The University of Toronto has many claims to fame. It has a stellar academic reputation, one of the best libraries in the country, some of Canada’s finest faculty, and Maclean’s consistently ranks it as one of the best universities, if not the best, in the country. That being said, the University of Toronto has adopted dubious practices when it comes to advancement and academic freedom.
What are the questions that a university must ask itself when it receives donations? Among them are, What is the purpose of the donation? What are the conditions attached to the donation? How important is academic freedom to the success of the University’s researchers, professors, and students in relation to the donation?
The University of Toronto’s Vice-President of Advancement, David Palmer, claims that all donor agreements are subject to the following clause:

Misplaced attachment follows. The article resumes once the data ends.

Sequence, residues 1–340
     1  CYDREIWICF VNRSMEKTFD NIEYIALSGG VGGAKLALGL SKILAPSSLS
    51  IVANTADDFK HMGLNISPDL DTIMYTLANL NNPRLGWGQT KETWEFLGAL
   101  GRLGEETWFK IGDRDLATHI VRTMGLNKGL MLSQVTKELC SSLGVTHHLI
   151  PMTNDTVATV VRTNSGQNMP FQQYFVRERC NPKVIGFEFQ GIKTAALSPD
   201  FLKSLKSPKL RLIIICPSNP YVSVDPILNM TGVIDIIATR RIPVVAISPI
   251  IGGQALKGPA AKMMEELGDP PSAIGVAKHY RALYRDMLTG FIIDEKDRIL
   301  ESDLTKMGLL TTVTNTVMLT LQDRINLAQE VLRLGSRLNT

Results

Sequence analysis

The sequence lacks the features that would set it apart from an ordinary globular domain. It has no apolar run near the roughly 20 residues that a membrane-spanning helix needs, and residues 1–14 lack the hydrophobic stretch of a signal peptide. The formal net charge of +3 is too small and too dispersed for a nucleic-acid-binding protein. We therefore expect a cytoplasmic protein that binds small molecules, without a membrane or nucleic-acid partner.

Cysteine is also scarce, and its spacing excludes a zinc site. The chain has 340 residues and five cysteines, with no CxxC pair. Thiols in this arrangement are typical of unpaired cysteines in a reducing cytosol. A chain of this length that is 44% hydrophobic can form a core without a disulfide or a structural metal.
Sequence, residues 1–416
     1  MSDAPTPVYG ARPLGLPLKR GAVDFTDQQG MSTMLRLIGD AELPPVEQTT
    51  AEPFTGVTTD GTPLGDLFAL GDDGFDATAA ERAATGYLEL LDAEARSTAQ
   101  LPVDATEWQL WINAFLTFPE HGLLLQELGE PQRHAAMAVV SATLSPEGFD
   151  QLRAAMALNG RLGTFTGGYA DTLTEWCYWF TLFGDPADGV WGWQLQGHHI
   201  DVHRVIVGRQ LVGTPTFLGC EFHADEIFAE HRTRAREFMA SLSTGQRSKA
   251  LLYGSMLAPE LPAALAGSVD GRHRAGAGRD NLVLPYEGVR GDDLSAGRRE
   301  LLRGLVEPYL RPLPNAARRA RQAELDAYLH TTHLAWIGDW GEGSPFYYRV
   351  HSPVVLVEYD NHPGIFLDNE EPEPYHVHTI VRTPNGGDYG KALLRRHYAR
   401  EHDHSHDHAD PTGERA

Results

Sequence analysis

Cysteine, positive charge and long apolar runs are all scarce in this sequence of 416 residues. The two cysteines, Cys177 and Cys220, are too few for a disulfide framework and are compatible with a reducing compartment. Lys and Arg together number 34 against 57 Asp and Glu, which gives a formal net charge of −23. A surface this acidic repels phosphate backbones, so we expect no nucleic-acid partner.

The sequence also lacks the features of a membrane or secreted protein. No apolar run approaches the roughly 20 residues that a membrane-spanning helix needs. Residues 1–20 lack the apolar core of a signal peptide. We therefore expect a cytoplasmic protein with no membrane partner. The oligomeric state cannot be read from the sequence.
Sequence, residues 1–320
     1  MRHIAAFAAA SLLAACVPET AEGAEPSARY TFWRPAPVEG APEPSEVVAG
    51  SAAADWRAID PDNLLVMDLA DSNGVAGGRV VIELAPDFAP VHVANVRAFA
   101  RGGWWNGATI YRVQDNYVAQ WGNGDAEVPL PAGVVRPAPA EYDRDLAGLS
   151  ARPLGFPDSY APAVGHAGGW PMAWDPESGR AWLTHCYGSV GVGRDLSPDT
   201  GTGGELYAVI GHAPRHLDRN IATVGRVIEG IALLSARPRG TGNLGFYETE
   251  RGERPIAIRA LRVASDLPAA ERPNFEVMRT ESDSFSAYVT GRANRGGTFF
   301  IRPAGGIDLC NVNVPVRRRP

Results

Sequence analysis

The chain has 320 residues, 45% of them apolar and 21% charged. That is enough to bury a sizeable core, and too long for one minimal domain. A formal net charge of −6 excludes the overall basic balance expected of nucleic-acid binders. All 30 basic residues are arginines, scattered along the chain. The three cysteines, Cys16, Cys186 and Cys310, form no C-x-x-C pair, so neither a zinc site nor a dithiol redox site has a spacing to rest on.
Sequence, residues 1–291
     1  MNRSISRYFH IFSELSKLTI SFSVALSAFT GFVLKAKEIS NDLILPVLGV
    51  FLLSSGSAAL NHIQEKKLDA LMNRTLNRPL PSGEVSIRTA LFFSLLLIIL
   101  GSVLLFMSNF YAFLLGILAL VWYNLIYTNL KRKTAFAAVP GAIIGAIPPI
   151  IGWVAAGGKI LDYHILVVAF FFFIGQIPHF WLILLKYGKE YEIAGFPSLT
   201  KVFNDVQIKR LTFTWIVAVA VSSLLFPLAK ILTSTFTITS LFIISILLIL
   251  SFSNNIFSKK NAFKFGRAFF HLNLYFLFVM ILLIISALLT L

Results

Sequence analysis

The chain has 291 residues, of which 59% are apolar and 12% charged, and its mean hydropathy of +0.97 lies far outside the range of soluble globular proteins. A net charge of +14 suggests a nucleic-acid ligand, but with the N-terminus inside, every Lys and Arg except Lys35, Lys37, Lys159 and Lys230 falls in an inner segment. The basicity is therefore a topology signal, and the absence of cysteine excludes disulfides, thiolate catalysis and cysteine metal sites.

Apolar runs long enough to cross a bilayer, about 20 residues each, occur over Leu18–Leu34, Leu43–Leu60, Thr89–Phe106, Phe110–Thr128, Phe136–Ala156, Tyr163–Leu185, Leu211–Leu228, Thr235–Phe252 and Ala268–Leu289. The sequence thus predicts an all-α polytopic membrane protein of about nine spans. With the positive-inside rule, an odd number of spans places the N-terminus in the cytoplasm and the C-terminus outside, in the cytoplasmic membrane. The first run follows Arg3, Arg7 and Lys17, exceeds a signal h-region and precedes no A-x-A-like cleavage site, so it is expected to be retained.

The parties affirm their mutual commitment to the University’s Statement of Institutional Purpose which includes a commitment to foster an academic community in which the learning and scholarship of every member may flourish, with vigilant protection for the rights of freedom of speech, academic freedom and freedom of research.
In two recent donations to the University of Toronto, this clause never appeared, nor did any that remotely resembles such a clause. Moreover, when I Google-searched this clause, I realised that it appears nowhere except in a letter to the editor of the Toronto Star on September 19, 2010, written by the Vice-President of Advancement, and subsequently published in the Varsity, a student run newspaper at the University of Toronto. The reason for the letter in the Star is that an excerpt from The Trouble With Billionaires by Linda McQuaig and Neil Brooks claims that the recent $35 million dollar agreement between Peter Munk and the University of Toronto “stipulates that the school will also house the Canadian International Council — a right-leaning think-tank that has been pushing to replace Canada’s earlier role as a leading UN peacekeeping nation with a more prominent role in U.S.-led war efforts.” The University of Toronto, through its Vice-President of Advancement, has assured us that this is not the case and that no donor has influence over the academic freedom of researchers, students, or professors at the University of Toronto.